The Florida Statute of Limitations for a personal injury case is four years after the injury occurred. There will be times when a victim isn’t aware they are injured until later. When they do discover these delayed onset injuries, they have one year from the date they discovered their injury to file a lawsuit.
Demands for Compensation
Personal injury attorneys will prepare demands for compensation on your behalf. The demand letters summarize the injuries, include the amount of compensation the victim expects to receive and information on how the other party or parties are liable for their client’s damages.
Complaint and Answer Phase
A personal injury claim (or “complaint”) alerts the local courts that a victim intends to collect payment from the responsible party. Complaints are filed in the court system where the responsible party lives or where the injury took place.
These complaints are built on the accident facts gathered (i.e., medical records, accident reports, site pictures, etc.) The victim’s lawyer will also draft any legal arguments on why the other should reimburse the victim for their damages.
When victims file a legal claim, the responsible party must respond to the evidence and arguments presented to the court. If they don’t respond, the court automatically rules in the victim’s favor. If the responsible party disagrees with the presented arguments, the claim then moves along to the discovery phase.
Discovery is the trial process where both sides of a case exchange their evidence. Each side shares their expectations so all parties involved can choose their next course of action.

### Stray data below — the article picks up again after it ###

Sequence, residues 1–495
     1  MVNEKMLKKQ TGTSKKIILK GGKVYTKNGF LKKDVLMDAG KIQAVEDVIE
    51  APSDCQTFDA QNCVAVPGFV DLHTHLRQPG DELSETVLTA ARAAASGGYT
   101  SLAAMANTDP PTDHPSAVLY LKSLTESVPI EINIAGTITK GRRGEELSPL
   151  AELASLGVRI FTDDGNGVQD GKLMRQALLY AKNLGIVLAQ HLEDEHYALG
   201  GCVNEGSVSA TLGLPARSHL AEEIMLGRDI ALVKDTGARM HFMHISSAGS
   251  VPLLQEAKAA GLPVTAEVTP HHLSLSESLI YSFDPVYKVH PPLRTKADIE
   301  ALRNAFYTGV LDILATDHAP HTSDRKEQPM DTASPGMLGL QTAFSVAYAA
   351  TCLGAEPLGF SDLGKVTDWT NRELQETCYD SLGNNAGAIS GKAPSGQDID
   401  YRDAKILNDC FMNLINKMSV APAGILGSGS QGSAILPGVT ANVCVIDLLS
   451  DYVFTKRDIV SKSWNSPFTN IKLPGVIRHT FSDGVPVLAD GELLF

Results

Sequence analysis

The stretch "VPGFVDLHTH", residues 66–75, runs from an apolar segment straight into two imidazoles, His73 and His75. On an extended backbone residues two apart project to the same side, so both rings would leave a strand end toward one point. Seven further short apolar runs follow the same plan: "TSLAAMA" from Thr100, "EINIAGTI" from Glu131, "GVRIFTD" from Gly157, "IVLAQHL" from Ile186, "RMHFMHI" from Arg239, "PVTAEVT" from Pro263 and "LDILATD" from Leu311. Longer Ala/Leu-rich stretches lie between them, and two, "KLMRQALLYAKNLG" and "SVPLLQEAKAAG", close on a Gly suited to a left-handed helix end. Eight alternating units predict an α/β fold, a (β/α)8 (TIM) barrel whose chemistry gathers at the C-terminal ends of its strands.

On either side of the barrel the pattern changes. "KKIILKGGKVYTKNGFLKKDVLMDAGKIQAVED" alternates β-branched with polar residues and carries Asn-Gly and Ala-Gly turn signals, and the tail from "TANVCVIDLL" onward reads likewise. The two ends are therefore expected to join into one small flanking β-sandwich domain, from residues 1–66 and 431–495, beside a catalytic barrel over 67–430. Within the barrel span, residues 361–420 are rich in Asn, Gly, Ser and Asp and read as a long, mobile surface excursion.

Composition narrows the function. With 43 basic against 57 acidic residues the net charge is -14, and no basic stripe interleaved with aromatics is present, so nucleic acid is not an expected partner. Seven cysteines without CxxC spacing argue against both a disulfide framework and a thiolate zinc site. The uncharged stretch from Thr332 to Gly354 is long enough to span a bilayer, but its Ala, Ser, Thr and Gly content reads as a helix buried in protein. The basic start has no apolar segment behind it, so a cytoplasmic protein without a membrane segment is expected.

During this phase, lawyers perform a process called a deposition. Conducting a deposition is another way lawyers collect all the evidence of the case before the claim proceeds any further.
The responsible party can submit a motion either before or after the discovery phase to request the court to act in their favor. This request might include a request to dismiss some or all of the victim’s claims in the lawsuit.
If these motions are filed, the victim’s lawyer must respond in writing within 28 days if they oppose the dismissal motion. Sometimes a judge will hold a hearing so they can hear both arguments in response to the motion to dismiss the case.
Approximately 95 percent of personal injury cases are settled outside of the court system. If both sides want to reach a private settlement, the lawsuit is dropped and the parties move on to mediation to negotiate outcomes.
Attorneys for both sides can draft a settlement that outlines expectations for both parties. These expectations can include payment terms, due dates and any installment amount.
Personal Injury Trial Phase
If the victim and the responsible party don’t settle the case, the claim moves into the trial phase where a judge or jury makes the final decision on whether victims should receive compensation and how much.
If you’re a victim and think you have a strong personal injury claim on your hands, then you should act today. Collect your own pictures and testimony to outline what exactly took place during your accident.
Schedule appointments with many different personal injury lawyers to find the professional that’s right for you. Don’t be afraid to ask questions about their litigation experience.
Check out our website for more insights on the personal injury lawsuit process. You can speak with us for free. Call 904 LAW-1212 anytime, day or night.